For Biathletes, Lots Of Reps—Plus Some Fun—Leads To Automaticity On The Range

by Alex Abrams

Dani Aravich competes in biathlon at the 2021 WPSS World Championships. (Photo: Luc Percival)

Steph Curry follows a strict routine that has helped him become the most prolific 3-point shooter in NBA history.


The Golden State Warriors guard attempts at least 250 shots per day, and around 2,000 shots a week. He has practiced his shooting so much over the years he can catch a pass and get off a shot without any hesitation.


Para Nordic skiers who compete in the biathlon train to be just as accurate with their air rifles as Curry is with his jump shot. They practice throughout the year, aiming to get to where they’re able to ski long distances and then hit all their targets during the shooting portion of the biathlon.


Gary Colliander, the associate director for high performance for U.S. Paralympics Nordic Skiing, estimated that team members shoot on average around 500-1,000 rounds per month when they’re training full-time.


Colliander said they’ll average around 6,000-12,000 rounds per year. The goal is for them to feel so comfortable with their shooting that it becomes second nature, resulting in them not hesitating before pulling the trigger during a competition.


“In the early part of the season, we do break (shooting) down like I would imagine a basketball coach would do. Break it down a little bit and rebuild it,” Colliander said. “The goal is to basically get to the point of what we like to call automaticity, where you don’t have to think about it.”


Colliander said standing and sit skiers will often spend more time during the offseason in the spring and summer at the shooting range, working on their shooting mechanics. They’ll usually do less target practice once the race season intensifies in the winter.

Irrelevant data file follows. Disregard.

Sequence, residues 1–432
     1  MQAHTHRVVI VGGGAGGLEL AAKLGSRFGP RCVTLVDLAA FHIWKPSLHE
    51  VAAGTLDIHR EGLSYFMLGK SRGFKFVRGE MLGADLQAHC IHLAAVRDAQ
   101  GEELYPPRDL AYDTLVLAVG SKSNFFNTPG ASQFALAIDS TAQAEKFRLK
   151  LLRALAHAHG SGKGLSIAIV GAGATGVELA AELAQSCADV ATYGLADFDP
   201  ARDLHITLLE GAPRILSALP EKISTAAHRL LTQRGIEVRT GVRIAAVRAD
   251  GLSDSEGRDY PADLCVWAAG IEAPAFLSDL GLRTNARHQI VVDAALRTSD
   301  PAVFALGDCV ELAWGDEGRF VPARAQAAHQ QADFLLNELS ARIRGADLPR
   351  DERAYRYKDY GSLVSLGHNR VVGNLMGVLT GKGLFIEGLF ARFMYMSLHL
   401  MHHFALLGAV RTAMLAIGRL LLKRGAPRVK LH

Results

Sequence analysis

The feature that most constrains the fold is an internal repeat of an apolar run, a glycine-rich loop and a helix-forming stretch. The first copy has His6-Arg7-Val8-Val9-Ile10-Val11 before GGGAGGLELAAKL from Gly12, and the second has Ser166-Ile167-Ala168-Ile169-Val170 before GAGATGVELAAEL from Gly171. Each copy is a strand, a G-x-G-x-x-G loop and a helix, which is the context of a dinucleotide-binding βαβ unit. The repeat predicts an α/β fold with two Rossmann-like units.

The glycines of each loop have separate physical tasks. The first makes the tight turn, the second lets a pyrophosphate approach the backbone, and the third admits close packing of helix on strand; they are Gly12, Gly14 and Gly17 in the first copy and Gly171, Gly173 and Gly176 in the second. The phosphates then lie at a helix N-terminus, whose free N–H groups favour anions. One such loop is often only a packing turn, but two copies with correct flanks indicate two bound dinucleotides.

Athletes who are new to biathlon tend to practice their shooting at a slower, less stressful pace in the offseason. This allows them to focus on hitting their targets and not worrying as much about trying to aim while their heart rate is up like it would be during a biathlon.


Of course, shooting 500-1,000 rounds in a month can get monotonous. So coaches have to get creative to make target practice more fun.


“You’ve got to be interesting and fun, right? If you’re doing the same thing 12 months after 12 months after 12 months, it gets pretty boring, so we’re doing games,” Colliander said.


“We like to think of these athletes also as shooters, not just biathletes. So, we take some things from the shooting world that may not relate specifically to biathlon, but shooting is shooting,” Colliander continued. “At the end of the day, you’re holding onto your rifle, pointing it at the target, lining up your sight and squeezing the trigger.”


To change things up, skiers will sometimes shoot at targets that are smaller than the five black circles they usually aim at during practice. They might also use different shaped targets or ones placed more than 10 meters away, the distance they shoot at during a biathlon.


Colliander said athletes must aim differently with their air rifles when they’re trying to hit a target from a longer distance.


“Like anything else, you’ve got to find new ways to teach things, to deliver things, to keep it interesting and fun and challenging,” Colliander said.


If it’s a windy day in the offseason, coaches have been known to blow up balloons and place them around the shooting range for skiers to try to shoot. It’s not so easy to do, though.


“If the wind is blowing, you can aim at a balloon, but you have got to take (the shot) right away before the wind blows it away to teach them to not spend too much time on the target,” Colliander said. “Because when you’re getting into the racing season, they don’t spend a lot of time aiming at the target. It’s a pretty quick process.”


Things get even more interesting and competitive if there are quite a few athletes practicing at the shooting range at the same time on a windy day.


In addition to the wind blowing the balloons around, all the athletes are aiming at the same balloons.


“You have got to get it before they get it, so it’s fun,” Colliander said. “It becomes a competition.”

Alex Abrams has written about Olympic sports for more than 15 years, including as a reporter for major newspapers in Florida, Arkansas and Oklahoma. He is a freelance contributor to on behalf of Red Line Editorial, Inc.